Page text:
Exanimis — Marionnettiste
There was a time when if someone had mentioned to me that France would be the next a hot-bed of extreme metal, I would have laughed. Now however, I can believe it. With bands such as the metal titans of Gojira storming the world stage, or the weird jazz stylings of Gorod, or the progressive steamroller that is Klone, it is no wonder people are starting to take notice. And now comes the debut from the symphonic/prog death band Exanimis.
The album kicks-off with a very symphonic-styled intro before the crushing wall of complex death riffs come flying in, accompanied by textbook insane drumming and bass work. The harsh and deep growls of Alexandre Dervieux to complete the sound. The board is set, and the pieces are moving for this album now.
Every track is a hefty layer of incredibly technical riffing, frantic drumming and growled vocals to make the earth shake the way the subject matter of Stampede Of The 10,000 (the Uruk-Hai from Lord Of The Rings) do.
The drumming is constant, and the guitars both chug and wheedle away with solos left, right and centre. Symphonic elements provide atmosphere and tension across the album, creating a foreboding and dreading feel.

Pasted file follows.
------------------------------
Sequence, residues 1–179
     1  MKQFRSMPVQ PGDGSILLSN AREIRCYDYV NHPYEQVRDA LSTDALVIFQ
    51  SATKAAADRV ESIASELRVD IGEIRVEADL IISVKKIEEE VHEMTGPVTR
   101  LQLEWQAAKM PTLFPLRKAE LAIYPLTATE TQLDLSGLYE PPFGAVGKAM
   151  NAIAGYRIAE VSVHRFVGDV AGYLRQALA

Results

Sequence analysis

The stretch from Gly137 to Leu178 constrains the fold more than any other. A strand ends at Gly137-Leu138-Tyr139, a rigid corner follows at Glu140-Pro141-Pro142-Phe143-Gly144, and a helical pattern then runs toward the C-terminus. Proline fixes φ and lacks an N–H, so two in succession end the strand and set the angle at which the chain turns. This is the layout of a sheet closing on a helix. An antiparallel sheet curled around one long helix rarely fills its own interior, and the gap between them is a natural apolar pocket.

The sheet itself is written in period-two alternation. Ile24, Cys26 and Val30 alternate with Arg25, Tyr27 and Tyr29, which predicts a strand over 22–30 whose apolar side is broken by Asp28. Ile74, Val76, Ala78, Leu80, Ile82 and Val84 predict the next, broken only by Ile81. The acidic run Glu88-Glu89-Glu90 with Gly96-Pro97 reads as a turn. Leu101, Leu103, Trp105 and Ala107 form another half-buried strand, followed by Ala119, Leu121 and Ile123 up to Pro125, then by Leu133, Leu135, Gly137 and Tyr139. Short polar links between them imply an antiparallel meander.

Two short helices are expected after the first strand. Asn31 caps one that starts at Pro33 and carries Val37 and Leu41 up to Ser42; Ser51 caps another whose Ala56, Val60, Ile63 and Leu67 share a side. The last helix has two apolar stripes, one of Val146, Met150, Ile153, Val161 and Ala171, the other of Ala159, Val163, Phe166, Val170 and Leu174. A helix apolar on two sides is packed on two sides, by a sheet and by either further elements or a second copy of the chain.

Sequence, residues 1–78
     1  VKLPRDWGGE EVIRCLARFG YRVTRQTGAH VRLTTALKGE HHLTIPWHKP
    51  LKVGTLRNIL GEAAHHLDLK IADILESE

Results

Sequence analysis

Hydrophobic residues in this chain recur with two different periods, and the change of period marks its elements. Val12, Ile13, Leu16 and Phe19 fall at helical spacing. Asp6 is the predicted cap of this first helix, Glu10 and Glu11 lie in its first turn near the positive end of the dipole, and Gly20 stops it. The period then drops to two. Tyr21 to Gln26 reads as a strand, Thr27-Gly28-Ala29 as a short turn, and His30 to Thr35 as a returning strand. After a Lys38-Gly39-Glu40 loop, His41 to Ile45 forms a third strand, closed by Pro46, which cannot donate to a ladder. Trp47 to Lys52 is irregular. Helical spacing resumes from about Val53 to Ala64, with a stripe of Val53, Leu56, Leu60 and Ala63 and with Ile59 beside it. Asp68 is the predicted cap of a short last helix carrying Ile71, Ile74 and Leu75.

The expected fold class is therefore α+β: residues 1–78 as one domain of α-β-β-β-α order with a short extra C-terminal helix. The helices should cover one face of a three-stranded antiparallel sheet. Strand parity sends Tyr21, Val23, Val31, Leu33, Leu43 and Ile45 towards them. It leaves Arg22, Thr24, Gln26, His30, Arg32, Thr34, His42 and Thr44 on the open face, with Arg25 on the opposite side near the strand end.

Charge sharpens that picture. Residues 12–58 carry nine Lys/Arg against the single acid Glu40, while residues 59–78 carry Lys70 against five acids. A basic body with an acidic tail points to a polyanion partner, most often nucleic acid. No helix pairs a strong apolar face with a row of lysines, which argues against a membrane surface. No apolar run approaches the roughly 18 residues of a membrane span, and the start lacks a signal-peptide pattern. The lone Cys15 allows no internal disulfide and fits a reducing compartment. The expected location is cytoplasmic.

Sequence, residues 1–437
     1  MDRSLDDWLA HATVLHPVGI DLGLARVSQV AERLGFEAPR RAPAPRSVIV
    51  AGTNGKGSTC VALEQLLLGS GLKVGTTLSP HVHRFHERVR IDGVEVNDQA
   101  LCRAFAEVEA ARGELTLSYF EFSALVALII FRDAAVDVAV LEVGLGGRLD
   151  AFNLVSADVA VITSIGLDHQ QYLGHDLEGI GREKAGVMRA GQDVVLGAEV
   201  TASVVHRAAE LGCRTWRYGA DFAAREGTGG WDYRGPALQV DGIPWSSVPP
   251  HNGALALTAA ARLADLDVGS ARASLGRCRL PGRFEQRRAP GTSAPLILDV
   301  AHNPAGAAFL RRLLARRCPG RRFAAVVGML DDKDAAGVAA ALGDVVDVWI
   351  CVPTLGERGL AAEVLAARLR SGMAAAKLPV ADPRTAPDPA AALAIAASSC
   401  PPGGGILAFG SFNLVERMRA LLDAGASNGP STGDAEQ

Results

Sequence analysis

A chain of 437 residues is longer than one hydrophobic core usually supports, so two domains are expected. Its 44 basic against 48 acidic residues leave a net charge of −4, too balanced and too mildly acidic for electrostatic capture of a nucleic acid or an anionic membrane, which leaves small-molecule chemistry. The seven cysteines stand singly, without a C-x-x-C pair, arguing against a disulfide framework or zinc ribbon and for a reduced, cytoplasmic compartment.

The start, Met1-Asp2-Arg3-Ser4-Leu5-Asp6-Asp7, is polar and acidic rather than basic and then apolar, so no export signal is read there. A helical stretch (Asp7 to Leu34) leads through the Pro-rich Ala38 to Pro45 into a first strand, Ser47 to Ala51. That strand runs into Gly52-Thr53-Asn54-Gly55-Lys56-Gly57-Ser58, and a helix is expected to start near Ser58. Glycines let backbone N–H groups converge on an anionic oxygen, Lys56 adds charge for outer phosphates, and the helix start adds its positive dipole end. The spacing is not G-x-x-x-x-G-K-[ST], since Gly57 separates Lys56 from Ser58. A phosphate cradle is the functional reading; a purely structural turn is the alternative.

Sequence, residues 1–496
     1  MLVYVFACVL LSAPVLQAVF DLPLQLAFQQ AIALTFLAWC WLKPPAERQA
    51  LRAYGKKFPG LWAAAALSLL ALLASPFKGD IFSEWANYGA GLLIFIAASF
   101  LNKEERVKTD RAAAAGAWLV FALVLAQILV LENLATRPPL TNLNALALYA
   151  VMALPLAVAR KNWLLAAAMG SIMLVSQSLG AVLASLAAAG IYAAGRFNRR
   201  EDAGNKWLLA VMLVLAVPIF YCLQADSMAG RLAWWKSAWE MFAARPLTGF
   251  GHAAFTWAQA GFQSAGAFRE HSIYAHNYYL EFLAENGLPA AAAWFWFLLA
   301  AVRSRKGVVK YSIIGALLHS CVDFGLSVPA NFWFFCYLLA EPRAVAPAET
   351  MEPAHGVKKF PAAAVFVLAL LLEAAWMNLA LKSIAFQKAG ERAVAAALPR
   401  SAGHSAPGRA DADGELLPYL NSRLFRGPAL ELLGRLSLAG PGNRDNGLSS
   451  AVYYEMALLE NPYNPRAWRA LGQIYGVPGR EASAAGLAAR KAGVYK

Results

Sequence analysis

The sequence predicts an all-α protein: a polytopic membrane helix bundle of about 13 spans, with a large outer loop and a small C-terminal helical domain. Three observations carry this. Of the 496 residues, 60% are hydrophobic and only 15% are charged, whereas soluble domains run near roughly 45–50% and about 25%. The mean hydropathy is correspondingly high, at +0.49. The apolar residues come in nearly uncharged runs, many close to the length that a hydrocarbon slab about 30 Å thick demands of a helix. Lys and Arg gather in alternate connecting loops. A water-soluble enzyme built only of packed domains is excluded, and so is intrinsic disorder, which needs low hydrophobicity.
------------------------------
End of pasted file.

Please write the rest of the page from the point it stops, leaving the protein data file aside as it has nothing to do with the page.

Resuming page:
It is a superbly crafted album with some fantastic tracks, such as Stampede Of The 10,000 , The Wrathful Beast or The Flow Of The Spume On The Shore. However, it unfortunately lacks a bit of diversity. Every song is, as I said, a hefty chunk of progressive and symphonic technical death metal. But that is the problem, as every song is a hefty chunk of progressive and symphonic technical death metal. Some bits do sound repetitive as a result.
However, I'd say that is the only downside for me. I still think it is a great album. If you're a fan of Gorod, Dimmu Borgir, The Breathing Process, or Fleshgod Apocalypse to name a few, then I strongly suspect you will enjoy this. Go have a listen. I'm confident the next album will be even better.
Illutia — Un sitio sin lugar